I agree with most of the posters on this, you have no choice but to, at a minimum, maintain the groud you have gained. First priority is to establish contact with the suspect, preferrably by phone if possible (less likely to give away your position, and the person talking to him can remain outside where safety is less of a concern). Get SWAT and the negotiators enroute, but don't wait on them to formulate a plan. No, this isn't an active shooter, but the old saying "time is on our side" is simply a polite way of saying "if he kills the hostage and then kills himself we don't have to worry about a cop getting hurt". This isn't a bank robber, this is a domestic situation gone bad, and the motivation to kill or injure the hostage is much different. Situations like these are why it is a great idea for departments to have ballistic shields or blankets available to their patrol officers, and to train them on room clearing.

Rich @ 5/12/2012 6:52 AM

The situation here is a world apart depending on the size of the department. We would be lucky if we had 2 officers available to maintain a perimeter while the 2 officers inside handled the suspect and victim. SWAT would be 1-2 hours away. The officers on scene should make sure the supervisor has contacted SWAT, but waiting for them is not an option. Contact should be made as soon as possible by the officers inside, maintaining as much cover and concealment as possible, with the limited resources. The 2 inside should quickly formulate a plan, and act on it ASAP. Unfortunately training for situations like this are impossible, since our training budget has been nonexistant for 10 years.

Brian @ 5/13/2012 6:38 PM

Containment, Long Rifle, and React. Thats what you focus on until you can start dialog with the suspect and victim. Good containment of the suspect and hostage are obvious. Long Rifle if you can get a view of the suspect for a critical shot. This can be accomplished with a standard AR-15 and a competent shooter. The distances we usually face in law enforcement are not what our military typically faces. REACT team to make entry into the suspect/hostage room for a rescue if shots are fired by the suspect toward the hostage or the hostage is harmed in any way. Getting a supervisor there to take over as the incident commander until SWAT and HNT respond. You also need to get enough personnel to start an evacuation plan for surrounding residences. This should be done prior to SWAT arriving if the suspect is contained and threat to evacuating public is minimal.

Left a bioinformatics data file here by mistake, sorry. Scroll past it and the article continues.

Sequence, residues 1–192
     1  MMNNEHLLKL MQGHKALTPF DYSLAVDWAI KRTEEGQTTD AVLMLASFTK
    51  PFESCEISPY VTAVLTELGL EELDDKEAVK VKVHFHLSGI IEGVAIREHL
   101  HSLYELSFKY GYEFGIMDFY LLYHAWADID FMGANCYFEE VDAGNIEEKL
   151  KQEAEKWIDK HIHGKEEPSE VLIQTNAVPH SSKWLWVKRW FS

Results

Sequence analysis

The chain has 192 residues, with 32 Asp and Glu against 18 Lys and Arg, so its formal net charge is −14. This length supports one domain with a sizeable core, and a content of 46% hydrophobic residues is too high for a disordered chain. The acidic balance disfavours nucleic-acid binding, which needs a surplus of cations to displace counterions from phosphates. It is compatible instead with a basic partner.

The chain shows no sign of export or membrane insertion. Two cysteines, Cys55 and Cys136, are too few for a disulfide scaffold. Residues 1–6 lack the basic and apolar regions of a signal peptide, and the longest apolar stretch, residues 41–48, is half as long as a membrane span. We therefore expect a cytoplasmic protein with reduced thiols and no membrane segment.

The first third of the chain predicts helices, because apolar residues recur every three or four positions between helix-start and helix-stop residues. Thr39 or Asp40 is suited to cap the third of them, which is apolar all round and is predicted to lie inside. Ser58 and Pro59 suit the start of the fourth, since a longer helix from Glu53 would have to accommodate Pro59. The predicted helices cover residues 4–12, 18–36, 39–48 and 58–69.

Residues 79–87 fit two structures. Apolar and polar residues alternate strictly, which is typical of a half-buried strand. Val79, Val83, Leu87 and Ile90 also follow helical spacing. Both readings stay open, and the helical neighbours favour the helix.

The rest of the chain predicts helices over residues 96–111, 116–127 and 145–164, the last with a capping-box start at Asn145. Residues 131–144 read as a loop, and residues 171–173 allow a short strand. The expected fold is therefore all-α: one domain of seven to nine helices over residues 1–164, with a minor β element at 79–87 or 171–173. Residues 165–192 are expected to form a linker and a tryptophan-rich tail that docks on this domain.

Tbow426 @ 5/30/2012 7:17 AM

Seems like a lot of people are confusing this with an active shooter situation. The shooter has one person in a bathroom which means the shooter and hostage are almost within arms reach of each other. If he wants to kill her he will. There is nothing anyone can do to prevent it unless he presents himself for a shot from a rifle. I agree about not giving up ground, but there are very few things in a house that provide true cover. Handgn rounds punch through with no problem. Slow down and talk if he will do so. If he is talking...he ain't shooting. It will take SWAT two hours to get there. OK, so do you have a hot date or what? What is the big deal about 2 hours or 8 hours? If he is not shooting then talk. Do you really want to be the one to rush in? If bullets start flying down a hallway there is very little room to unass the area.